City again showed resilience, caring, selfless attitude in response to Katrina

Published 10:56 am Friday, August 28, 2015

This editorial published 10 years ago in The Vicksburg Post. The significance of its words was a reflection of how our city has always responded to those in need. When Hurricane Katrina blew through Vicksburg downing trees and power lines, our locals came together for one another, and they rolled up their sleeves to help our neighbors to the south. This was Vicksburg at its finest.


Many Times in its history — and long before the “Red Carpet City of the South” moniker adopted, Vicksburg — the people of Vicksburg have been called on to shelter refugees. Probably the longest period of time was in 1927, when the city’s bluffs became encampment sites for tens of thousands fleeing low-lying areas during a record rise on the Mississippi River.

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This time it was different.

As hotels, motels, shelters and parking lots filled with weary travelers from Gulf Coast areas, they were safe from the worst perils of Hurricane Katrina, but as Gov. Haley Barbour, said this is a “statewide storm.”

Indeed, Katrina could be considered a giant tornado, with winds up to 150 mph, tracking straight up the Pearl River Basin and wide enough to be felt from Vicksburg to Meridian and beyond in both directions.

Vicksburg is not alone in being accommodating to travelers. Many communities open their homes, buildings and hearts to people fleeing danger.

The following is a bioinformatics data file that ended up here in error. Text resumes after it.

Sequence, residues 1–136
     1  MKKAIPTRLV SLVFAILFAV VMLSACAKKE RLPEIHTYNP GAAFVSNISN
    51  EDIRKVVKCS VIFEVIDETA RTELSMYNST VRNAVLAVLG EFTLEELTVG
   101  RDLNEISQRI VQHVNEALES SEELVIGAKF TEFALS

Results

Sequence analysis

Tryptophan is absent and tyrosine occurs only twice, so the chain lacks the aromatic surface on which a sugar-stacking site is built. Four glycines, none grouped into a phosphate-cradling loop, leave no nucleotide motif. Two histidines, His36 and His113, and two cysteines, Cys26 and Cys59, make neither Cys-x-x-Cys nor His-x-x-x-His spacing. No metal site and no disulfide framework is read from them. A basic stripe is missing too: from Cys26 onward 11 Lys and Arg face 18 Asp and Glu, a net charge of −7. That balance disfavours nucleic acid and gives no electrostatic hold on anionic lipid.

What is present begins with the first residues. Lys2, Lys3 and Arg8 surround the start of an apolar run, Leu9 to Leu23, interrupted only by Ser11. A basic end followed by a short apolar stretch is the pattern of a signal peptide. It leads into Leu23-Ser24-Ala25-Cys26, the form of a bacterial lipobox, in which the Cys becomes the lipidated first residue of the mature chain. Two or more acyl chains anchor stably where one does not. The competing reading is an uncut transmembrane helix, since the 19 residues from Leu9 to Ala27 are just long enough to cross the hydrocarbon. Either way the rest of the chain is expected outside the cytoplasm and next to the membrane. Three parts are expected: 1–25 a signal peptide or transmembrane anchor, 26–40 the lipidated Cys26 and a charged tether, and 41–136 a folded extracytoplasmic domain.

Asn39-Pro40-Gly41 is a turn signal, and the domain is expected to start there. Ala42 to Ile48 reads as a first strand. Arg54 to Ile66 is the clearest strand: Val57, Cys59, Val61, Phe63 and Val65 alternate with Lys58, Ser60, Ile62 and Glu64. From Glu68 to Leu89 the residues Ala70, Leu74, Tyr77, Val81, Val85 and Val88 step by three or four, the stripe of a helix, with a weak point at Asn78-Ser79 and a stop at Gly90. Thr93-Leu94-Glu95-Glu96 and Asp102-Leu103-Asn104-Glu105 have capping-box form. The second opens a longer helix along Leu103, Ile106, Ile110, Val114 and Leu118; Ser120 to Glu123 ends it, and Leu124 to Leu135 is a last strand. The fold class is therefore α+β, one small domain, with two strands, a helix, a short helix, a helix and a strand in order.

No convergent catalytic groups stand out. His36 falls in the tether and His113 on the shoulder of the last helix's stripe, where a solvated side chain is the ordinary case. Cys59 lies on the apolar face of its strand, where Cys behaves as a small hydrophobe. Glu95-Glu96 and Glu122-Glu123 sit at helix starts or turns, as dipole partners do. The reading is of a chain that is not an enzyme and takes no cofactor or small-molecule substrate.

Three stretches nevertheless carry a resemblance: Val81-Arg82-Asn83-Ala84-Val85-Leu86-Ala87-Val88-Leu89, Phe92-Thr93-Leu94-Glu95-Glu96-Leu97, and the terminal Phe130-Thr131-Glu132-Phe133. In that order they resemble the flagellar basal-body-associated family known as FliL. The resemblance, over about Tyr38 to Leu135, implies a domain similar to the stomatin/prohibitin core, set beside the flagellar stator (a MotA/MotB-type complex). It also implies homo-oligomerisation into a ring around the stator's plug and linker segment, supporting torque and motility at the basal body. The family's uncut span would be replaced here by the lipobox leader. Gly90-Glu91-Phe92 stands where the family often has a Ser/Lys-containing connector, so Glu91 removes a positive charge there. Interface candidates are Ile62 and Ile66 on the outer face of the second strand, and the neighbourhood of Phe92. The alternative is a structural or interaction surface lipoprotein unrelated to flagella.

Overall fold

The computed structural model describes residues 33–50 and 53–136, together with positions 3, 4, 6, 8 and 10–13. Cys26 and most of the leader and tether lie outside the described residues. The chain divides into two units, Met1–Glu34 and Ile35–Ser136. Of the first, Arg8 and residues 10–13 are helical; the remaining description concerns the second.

Every time it happens, we are amazed not only at how quickly and responsibly public agencies and utilities mount responses, but how private citizens get involved and “do something.”

Monday, we told the story of sisters Lee Baker and Lisa Kapp who, with several other Bowmar Baptist Church members, saw crowds gathering in the early-morning hours at all-night diners, gas stations and Wal-Mart. They rode from place to place, informing people where shelters were open and guiding in caravans.

“I just couldn’t sleep knowing all these people were out there, so we started going to places right off exits and lining eight or nine carloads up at a time and going to shelters,” Baker said.

Most evacuees find shelter with relatives or in commercial accommodations, but about 1,200 in Vicksburg alone were checked into eight shelters and, we’re told, locals delivered supplies all day.

Lisa Baker and Lisa Kapp did great work, but they were not alone.

“Pay It Forward” was a popular movie a few years ago. It’s theme was the power of good will; good deeds are best acknowledged by doing good deeds for others. Vicksburg has been blessed in many ways. Faced with Katrina’s wrath, many here showed their resilience and willing to say thanks for the blessings by sharing them with others.